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As timing is everything (think summer reading) and a new Star Trek movie has just been released I just happened to come across, Make It So. Make It So, by Wess Roberts and Bill Ross offers leadership lessons from Star Trek The Next Generation (which for those of you who are not Trekkies, is the series with Jean-Luc Picard as the captain of the starship Enterprise).

So, if you would like to combine your thirst for entertaining with educational reading, Make It So (Pocket Books, 1995) may fit the bill. What Roberts and Ross have done is present chapters, vignettes you might say, from the Star Trek series and gleaned from these, management and leadership lessons as relayed in Jean-luc's post-experience journal. As such, the chapters serve as parables for how an effective manager might think and act. The topics covered include: being clear about mission; vision and focus; initiative; competence; communication; politics; symbiosis; interdependence; and, resilience.

While it is clear that a significant portion of Make It So would offer some thinking to nonprofit CEO's, I think there to be some lessons that nonprofit boards, board chairs and committee chairs might also glean. Clearly, being always clear about mission (this is of course one of the fiduciary duties) stands out but the task for board to both establish a vision and be focused no matter the "blips" is an equally important message. Chapters about communications and politics are areas that surround boards and board chairs and the members should, I believe, regularly take the time to understand what is culturally established; what fully engages or disengages, and what collectively leads a board to make positive contributions to and for the organization.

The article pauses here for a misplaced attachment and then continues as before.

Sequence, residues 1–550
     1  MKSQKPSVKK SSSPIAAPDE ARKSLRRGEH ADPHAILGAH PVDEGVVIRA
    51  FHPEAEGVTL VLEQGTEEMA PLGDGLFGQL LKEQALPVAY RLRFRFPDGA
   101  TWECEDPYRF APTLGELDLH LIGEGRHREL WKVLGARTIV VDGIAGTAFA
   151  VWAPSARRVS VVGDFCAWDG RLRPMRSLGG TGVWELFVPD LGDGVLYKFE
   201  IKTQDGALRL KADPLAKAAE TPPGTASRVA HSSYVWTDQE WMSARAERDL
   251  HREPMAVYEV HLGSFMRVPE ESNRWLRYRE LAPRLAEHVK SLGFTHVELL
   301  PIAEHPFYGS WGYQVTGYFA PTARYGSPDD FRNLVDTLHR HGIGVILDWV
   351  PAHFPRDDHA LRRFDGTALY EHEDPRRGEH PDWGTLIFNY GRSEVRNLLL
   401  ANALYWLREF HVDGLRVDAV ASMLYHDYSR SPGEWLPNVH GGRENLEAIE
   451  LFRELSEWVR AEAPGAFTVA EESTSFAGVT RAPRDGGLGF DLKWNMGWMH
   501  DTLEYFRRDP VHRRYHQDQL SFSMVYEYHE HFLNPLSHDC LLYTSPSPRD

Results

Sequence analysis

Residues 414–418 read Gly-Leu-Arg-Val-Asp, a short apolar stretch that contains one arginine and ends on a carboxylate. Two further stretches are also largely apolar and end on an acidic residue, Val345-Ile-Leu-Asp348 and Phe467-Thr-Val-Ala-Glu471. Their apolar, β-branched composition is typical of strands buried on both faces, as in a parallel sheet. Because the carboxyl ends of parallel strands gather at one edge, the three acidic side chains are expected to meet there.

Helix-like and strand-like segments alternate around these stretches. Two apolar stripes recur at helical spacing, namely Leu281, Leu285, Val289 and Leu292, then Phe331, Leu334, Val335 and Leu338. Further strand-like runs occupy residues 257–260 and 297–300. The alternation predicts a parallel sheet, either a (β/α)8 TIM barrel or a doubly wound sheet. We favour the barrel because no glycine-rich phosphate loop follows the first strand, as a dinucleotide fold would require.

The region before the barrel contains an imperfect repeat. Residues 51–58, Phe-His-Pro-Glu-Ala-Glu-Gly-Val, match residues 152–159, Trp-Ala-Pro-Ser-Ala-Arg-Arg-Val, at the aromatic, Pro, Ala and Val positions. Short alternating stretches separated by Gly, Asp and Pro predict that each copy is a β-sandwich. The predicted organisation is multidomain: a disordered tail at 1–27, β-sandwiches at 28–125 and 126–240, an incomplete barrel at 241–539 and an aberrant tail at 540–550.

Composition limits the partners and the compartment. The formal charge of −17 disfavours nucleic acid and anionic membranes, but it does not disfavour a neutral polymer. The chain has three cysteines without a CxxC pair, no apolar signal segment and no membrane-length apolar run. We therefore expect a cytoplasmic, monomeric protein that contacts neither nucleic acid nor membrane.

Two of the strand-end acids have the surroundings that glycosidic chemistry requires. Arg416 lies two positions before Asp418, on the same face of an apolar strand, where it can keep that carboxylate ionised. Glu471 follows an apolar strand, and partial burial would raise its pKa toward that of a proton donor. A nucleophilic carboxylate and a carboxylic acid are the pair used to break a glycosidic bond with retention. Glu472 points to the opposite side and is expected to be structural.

Nonprofit board chairs and committee chairs might also benefit from the chapters on initiative, competence, symbiosis, and, interdependence. For instance, about the topic of interdependence:

one good leader sometimes makes the difference in the success or failure of a mission. The truth is, however, the cooperative, collaborative, and corroborative effort of the entire team is much more likely to result in mission success.

About politics:

no one member or group of members can ever completely prevent others from sowing seeds of fear, doubt, and distrust. Consequently, every member ought to stand prepared to boldly uproot any seeds so sown by any member. Make no mistake, political games never end and are never totally resolved to everyone's satisfaction. Indeed, there is always something that remains unsettled, always something left unsaid, and always someone ready to replace those people exposed for creating dysfunction with the organization.

And, about communications:

Always bear in mind that no matter the means by which messages are given or received, your method of communicating must allow messages to be understood. Indeed, effective communication is the lubricant of effective leadership. ....you can never become an effective leader without being understood or without understanding those upon whom you rely.

In conclusion, if you prefer beefing-up your management and leadership skills through anecdotes and are in the mood for some light but reasonably intriguing science fiction. Make It So may be just the read for you during these uber warm summer days.

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